Hospitalized diabetic patients do worse than nondiabetic patients, and the level of inpatient hyperglycemia is associated with some of this excess morbidity. We endeavored to identify if preoperative hemoglobin A1c (HbA1c) could predict the risk of postoperative hyperglycemia in type 2 diabetic patients undergoing elective joint arthroplasty.
We retrospectively reviewed the charts of all patients who underwent elective hip or knee arthroplasty for the 1‐year period between July 1, 2003, and June 30, 2004, at the University of Colorado Hospital, identifying type 2 diabetic patients who had both an HbA1c level measured within the 6 months prior to the procedure and documented postoperative blood sugar measurements.
Twelve percent of patients (43 of 349) carried a diagnosis of diabetes, and 58% of diabetic patients (25/43), 11 who received hip arthroplasty and 14 who received knee arthroplasty, had an HbA1c recorded in the previous 6 months. Mean HbA1c was 7.1 (median 6.8, SD 1.7), and mean peak blood sugar was 253 mg/dL (SD 78 mg/dL). There was a correlation between preoperative HbA1c and mean peak blood sugar for the combined hip and knee cohort (r = 0.5133, P = .009) as well as the hip cohort alone (n = 11; r = 0.824, P = .0018). This correlation was not seen in the knee cohort (n = 14; r = 0.060, P = .8313).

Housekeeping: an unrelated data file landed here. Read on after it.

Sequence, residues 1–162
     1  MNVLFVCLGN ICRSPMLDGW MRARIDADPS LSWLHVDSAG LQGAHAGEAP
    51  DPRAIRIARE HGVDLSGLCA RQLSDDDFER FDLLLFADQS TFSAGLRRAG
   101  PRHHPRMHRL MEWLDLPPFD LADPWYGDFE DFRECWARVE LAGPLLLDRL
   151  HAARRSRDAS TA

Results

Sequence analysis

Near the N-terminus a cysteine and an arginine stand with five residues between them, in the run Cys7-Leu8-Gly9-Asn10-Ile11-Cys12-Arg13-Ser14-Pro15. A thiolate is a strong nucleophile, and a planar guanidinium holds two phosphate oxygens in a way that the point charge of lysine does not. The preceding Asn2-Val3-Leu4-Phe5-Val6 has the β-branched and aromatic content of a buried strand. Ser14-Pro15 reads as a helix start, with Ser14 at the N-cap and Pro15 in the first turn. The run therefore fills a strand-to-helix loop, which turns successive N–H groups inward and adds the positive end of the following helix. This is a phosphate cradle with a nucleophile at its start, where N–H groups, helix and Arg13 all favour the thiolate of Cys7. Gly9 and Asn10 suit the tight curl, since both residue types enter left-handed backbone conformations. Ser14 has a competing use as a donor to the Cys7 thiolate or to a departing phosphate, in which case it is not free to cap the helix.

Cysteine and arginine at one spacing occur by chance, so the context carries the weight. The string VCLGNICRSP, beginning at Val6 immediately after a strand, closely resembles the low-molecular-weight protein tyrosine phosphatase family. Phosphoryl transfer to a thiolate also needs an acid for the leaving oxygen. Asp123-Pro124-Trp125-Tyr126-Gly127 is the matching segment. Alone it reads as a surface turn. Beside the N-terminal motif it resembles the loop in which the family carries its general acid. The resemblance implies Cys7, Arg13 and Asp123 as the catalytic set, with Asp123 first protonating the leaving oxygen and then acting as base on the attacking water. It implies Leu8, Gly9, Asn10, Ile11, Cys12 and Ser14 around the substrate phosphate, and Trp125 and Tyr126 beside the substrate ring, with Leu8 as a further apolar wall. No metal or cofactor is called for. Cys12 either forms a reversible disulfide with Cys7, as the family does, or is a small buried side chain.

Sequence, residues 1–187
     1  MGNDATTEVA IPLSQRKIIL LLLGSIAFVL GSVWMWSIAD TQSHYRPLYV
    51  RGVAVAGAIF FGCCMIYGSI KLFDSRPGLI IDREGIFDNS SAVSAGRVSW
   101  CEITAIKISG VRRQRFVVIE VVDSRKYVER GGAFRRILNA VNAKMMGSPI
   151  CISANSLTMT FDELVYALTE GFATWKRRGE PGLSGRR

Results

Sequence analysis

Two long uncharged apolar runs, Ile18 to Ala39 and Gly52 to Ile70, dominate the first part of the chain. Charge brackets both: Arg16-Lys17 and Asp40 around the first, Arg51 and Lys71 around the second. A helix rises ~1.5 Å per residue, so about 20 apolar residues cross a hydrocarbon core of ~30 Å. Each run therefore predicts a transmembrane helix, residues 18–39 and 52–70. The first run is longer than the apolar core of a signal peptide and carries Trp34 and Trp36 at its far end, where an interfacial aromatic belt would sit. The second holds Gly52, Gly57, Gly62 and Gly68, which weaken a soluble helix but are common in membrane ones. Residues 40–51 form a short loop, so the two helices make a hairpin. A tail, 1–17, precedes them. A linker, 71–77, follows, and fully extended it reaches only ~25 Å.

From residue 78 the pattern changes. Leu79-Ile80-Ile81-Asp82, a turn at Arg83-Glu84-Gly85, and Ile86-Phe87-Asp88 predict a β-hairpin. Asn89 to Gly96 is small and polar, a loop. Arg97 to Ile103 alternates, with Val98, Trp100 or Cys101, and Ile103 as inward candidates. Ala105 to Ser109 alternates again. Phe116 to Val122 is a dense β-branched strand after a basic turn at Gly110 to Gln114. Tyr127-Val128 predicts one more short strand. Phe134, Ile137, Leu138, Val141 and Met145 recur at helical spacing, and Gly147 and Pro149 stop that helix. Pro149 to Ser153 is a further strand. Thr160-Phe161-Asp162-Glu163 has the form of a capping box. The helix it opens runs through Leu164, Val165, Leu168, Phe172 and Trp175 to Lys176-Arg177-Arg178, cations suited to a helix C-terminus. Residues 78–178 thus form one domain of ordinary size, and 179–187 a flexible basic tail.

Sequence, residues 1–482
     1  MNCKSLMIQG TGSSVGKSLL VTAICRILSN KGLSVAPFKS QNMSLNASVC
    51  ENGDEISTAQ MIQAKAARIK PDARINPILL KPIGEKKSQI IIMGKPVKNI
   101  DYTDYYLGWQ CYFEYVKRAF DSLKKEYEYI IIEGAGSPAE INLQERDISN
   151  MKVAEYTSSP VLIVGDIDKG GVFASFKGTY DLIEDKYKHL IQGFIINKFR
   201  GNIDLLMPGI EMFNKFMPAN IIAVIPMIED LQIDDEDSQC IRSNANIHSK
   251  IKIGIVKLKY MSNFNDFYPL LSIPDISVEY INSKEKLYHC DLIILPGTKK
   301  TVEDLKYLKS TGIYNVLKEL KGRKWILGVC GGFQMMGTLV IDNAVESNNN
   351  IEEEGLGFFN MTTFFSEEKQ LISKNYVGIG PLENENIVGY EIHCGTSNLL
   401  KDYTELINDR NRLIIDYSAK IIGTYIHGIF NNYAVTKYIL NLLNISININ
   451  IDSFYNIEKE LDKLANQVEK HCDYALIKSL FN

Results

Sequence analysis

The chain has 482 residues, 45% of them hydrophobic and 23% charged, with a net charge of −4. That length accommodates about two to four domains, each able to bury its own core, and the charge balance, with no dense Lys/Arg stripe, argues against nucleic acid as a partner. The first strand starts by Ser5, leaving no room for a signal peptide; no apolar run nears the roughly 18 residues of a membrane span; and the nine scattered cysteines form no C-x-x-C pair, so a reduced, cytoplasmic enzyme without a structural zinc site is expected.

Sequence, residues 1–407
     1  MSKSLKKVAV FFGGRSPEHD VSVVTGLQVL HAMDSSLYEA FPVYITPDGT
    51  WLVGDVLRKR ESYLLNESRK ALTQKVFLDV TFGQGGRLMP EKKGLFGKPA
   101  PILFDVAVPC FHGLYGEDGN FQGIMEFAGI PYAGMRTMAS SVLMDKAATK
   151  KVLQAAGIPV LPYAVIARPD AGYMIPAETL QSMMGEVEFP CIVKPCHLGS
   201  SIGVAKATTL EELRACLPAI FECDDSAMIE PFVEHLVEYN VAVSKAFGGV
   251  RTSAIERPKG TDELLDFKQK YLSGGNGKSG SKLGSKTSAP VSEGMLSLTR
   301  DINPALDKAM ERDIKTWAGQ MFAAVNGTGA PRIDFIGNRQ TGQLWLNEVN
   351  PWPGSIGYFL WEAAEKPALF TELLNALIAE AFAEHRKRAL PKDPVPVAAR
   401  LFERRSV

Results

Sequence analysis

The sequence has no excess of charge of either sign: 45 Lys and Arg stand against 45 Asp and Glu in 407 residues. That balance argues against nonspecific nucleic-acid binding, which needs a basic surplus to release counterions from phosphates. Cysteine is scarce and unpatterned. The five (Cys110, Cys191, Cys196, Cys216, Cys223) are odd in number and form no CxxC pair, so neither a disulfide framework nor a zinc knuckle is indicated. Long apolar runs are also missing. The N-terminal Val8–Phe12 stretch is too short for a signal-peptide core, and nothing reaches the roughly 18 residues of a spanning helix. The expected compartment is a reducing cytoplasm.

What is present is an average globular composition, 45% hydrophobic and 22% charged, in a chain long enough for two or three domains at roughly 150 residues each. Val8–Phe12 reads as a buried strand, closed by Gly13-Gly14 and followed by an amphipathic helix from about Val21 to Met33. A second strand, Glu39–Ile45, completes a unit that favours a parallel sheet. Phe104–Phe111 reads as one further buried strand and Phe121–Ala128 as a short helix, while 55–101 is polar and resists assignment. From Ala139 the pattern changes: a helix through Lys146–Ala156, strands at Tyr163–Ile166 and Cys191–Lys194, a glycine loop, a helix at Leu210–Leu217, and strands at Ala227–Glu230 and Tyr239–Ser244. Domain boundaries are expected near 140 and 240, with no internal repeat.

Figure: Correlation of HbAlc to peak post‐operative blood sugan in allpatients undergoing elective joint arthroplasty
Diabetic patients with an HbAlc ≤ 6 (n = 5, range 4.5‐6) had a mean peak blood sugar of 157 mg/dL with 0% (0/5) experiencing a blood sugar > 220 mg/dL, a level associated with excess morbidity in orthopedic trauma patients. Patients with HbA1c levels between 6 and 7 (n = 10) had a mean peak blood sugar of 236 mg/dL, with 80% (8/10) experiencing a blood sugar > 220 mg/dL. Those with an HbA1c > 7 (n = 10, range 7.0‐13.2) had a mean peak blood sugar of 280 mg/dL, with 90% (9/10) having a blood sugar > 220 mg/dL. Overall, 85% of patients (17/20) with an HbA1c > 6 experienced at least 1 blood sugar > 220 mg/dL.
Preoperative HbA1c is a predictor of peak postoperative blood sugar observed in type 2 diabetic patients undergoing major joint replacement. This correlation was noted even in patients with modestly elevated preoperative HbA1c and was strong in the elective hip patients and absent in elective knee patients. Clinicians should exercise caution in recommending elective procedures to diabetic patients with abnormally elevated HbA1c levels and/or be prepared to aggressively manage postoperative glycemic control
J. J. Glasheen, Baxter Pharma, consulting fees or other remuneration (payment); Pfizer, consulting fees or other remuneration (payment); Astellas, speakers bureau; Cubist, consulting fees or other remuneration (payment); R. Sturges, None; J. Carter, None; C. Baumgartner, None; A. Prochazka, None.
To cite this abstract:Glasheen J, Sturges R, Carter J, Baumgartner C, Prochazka A. Predictive Value of Hemoglobin A1c in Type 2 Diabetic Patients Undergoing Elective Joint Arthroplasty. Abstract published at Hospital Medicine 2007, May 23-25, Dallas, Texas Abstract 26. Journal of Hospital Medicine. 2007; 2 (suppl 2). https://www.shmabstracts.com/abstract/predictive-value-of-hemoglobin-a1c-in-type-2-diabetic-patients-undergoing-elective-joint-arthroplasty/. Accessed March 20, 2019.